Thor contends with Frost Giants, Malekith, and Dario Egger, the ruthless Roxxon CEO. Each character has an interesting set of motivations. Malekith manipulates expertly, and appears to have a long plan in place

The main source of danger in this comic comes from separating Thor from her hammer. By doing so, Thor has to deal with the questions of how she can maintain her power and influence as the Thunder god of the Marvel Universe without Mjolnir. Frost Giants and the Dark Elf mage Malekith – The villains of Thor and Thor: The Dark World respectively – add to mounting pressure on the new Thor. Despite losing the hammer, she changes tactics, and relies on confident rhetoric, and her massive strength.

The Frost Giant Skrymir tells a story of how Frost Giants treat their children. Frost Giant children are cast out into a powerful ice storm. The survivors are celebrated, and the others forgotten. This use of story telling sets atmosphere, and builds up the cruel character of the Frost Giants.

Dario Egger hides in a bunker, and makes a point of how things he finds are his property. His moral range extends to the limited capacity of “Finders Keepers”. Malekith is a manipulator here. He instigates the entire conflict in the story, and appears to be working on his own plan, playing the Frost Giants like chess pieces. He successfully goads Egger into revealing his true form – a Minotaur.

A question is asked by this comic: how is power and influence found and held? Each character has power, and through the storytelling, uses various means to restore or gain more power and influence. Thor’s decisions cement the comic’s values: gain power (and responsibility) by overcoming difficult odds

The comic seems to ask a question about how power and influence found and held. Like the Frost Giants treatment of their children, is it gained by overcoming cruelty, and surviving? Or like Dario Egger, is power found through bargaining and theft? Like Malekith, is power and influence found through manipulation? The new Thor, in this issue, gains power by fighting even when the odds of victory are completely against her.

The comic is placing value in overcoming difficult odds. This becomes clear through Thor’s struggle with gaining power and influence, and the responsibilities that come with it. The ability to use positive self-talk under pressure helps Thor fight off the challenges thrown at her. This is another strong point put forward by Thor #3.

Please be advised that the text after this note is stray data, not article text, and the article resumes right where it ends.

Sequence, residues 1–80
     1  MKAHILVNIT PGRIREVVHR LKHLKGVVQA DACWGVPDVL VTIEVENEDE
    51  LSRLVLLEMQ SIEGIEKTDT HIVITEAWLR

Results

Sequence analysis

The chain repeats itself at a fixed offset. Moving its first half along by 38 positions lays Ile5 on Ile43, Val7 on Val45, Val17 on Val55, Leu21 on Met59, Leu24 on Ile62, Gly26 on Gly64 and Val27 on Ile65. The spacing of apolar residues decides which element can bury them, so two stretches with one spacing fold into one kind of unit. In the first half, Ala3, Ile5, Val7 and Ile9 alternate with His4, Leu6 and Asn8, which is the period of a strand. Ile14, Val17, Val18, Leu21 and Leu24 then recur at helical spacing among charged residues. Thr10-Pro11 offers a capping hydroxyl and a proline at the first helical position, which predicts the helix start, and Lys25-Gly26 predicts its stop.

Thor #3 is published by Marvel Comics ($3.99 USD). Jason Aaron (W.) Russel Dauterman (A.), Matthew Wilson (C.) VC’s Joe Sabino (L.) Cover artwork by Dauterman and Wilson.

Thor God of Thunder #24 – Comics Review

Issue #24 wraps up a long running story arc, and brings change for Thor, Roz Solomon, and Jane Foster.

Thor: God of Thunder #24 Offers

  • An example of using grey and dark artwork throughout a story, and paying off with a contrasting setting for the final pages.
  • A major insight for Thor’s character on destruction, and a major step forward for Jane Foster.
  • Themes of Environment protection appear in this comic, which makes sense since Thor is a weather diety.

Bleak and grey backgrounds dominate the comic, and the destruction of Broxton deliberately stands as the background. Later, in the future, a verdant green field featuring Old King Thor stands out.

The vast majority of backgrounds in this comic are black and burnt buildings in front of grey skies. This town has been swept away. Houses, restaurants, post offices, community centres, and pubs have been burnt down to their foundations. These scenes are bleak, and sometimes difficult to look at. The art later depicts the homeless residents of the town, standing together, and surrounded by rubble.

In the distant future, the artwork of Old King Thor and his granddaughters striding across a flowing field of green grass and red flowers stands out – it’s a powerful image to end the comic.

Powerful woman drawn from Myth appear, and Thor experiences a heavy insight. Jane Foster receives new status in this comic book

Thor’s reflection that his every visit to Midgard results in destruction is a heavy insight.
living in the future, Thor finally achieves his goal of giving back to Midgard, and reversing the damage done to the Earth by various super heroes, aliens, and corporate leaders. His goal of restoration and care of the Earth is a long term goal.